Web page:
The phrase 'after conducting an extensive investigation' is used when you want to tell somebody that you have personally done an investigation. It is followed by details of what you've looked into and how (e.g. 'after conducting extensive an investigation into causes of violence in the streets by examining police reports'). It is then followed by what cause(s) it has identified (e.g. 'there is a higher incidence of violence in poorer areas in the city').

If you want to say that somebody else did the report (a person, company, organisation etc...), you would change this phrase to 'an extensive investigation conducted by (with the name of who did it placed here)'.

If you decide to use any evidence in your email of proposal, make sure that the evidence that you use supports the proposal you are making.

Close

2.

A phrase used to introduce why you think the proposal is essential and needs to happen which is written at the end, is

     

I really believe that this proposal:
(phrase) After you have made the proposal in the email, you need to summarize why you personally think the proposal is essential. In this part, you not only say what the main benefits of doing the proposal are, but also what the main negative consequence of not doing it will be.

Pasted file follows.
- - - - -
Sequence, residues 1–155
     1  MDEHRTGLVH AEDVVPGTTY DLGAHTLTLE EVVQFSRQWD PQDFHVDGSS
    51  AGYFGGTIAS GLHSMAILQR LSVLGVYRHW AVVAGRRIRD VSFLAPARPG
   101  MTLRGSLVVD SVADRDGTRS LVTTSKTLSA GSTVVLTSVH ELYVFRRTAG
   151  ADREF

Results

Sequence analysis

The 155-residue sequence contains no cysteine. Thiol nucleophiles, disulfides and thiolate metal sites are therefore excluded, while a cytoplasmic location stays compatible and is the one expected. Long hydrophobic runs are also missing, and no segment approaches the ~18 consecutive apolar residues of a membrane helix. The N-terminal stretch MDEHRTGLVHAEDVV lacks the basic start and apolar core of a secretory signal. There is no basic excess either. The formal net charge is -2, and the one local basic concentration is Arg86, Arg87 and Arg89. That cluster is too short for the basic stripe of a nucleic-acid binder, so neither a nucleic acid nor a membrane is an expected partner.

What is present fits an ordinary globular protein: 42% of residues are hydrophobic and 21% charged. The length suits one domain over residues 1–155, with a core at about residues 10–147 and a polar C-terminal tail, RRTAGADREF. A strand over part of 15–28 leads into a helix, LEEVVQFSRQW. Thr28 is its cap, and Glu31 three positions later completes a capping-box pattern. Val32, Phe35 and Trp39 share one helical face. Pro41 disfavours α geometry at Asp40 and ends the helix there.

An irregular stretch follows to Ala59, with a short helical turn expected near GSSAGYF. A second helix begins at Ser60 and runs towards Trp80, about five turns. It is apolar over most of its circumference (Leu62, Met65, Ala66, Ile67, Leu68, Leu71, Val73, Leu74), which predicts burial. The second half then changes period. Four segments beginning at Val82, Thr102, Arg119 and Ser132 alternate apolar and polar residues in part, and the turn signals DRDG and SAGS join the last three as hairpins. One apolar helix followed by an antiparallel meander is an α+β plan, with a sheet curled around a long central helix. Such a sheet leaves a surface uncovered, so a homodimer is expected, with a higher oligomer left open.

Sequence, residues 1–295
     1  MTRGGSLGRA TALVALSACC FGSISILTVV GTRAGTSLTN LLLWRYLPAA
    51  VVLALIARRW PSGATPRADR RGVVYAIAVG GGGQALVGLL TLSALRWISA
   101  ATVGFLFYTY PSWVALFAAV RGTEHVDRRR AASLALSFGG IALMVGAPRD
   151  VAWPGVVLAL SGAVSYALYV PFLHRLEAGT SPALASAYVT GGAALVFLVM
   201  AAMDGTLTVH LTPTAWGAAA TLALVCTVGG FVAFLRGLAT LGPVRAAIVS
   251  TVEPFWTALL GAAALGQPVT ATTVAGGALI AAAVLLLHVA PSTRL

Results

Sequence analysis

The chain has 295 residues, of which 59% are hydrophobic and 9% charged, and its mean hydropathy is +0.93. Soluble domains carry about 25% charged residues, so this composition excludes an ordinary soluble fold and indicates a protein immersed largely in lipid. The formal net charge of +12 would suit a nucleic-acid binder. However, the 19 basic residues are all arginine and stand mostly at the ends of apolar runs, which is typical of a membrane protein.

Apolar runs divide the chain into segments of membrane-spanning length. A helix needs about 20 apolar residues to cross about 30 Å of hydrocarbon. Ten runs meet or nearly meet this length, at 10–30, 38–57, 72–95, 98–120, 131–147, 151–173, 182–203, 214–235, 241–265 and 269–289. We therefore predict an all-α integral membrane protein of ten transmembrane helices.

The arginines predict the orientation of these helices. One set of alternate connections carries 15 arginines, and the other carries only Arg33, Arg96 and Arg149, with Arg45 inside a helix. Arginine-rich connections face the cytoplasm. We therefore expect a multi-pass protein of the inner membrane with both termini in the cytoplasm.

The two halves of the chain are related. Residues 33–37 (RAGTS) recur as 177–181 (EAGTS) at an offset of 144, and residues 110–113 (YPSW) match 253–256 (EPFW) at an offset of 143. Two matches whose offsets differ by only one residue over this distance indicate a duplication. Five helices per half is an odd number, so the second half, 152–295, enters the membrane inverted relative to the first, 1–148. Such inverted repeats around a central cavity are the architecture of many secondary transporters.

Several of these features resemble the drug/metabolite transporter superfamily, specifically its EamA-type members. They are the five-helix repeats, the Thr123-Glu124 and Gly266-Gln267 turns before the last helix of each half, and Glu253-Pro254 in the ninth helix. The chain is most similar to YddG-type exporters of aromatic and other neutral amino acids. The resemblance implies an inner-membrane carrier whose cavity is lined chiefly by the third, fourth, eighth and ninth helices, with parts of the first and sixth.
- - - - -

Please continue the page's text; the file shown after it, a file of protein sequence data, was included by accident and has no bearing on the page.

The phrase 'I really believe that this proposal' is used to introduce this part. You would follow this by saying what the main benefits are. For example, 'I really believe that this proposal will improve our company's visibility in the market and lead to improved sales'.

Keep this part of the email short. Don't write more than a couple of sentences.

Close

3.

A phrase used to tell the person something they already know and starts the paragraph where you introduce the problem your proposal will solve, is

     

As you are aware:
(phrase) When you make a proposal by email, directly after the first paragraph (where you tell the person why you are writing to them for), you introduce the problem which your proposal will solve. It's really important to do this, because it creates the context why your proposal is essential.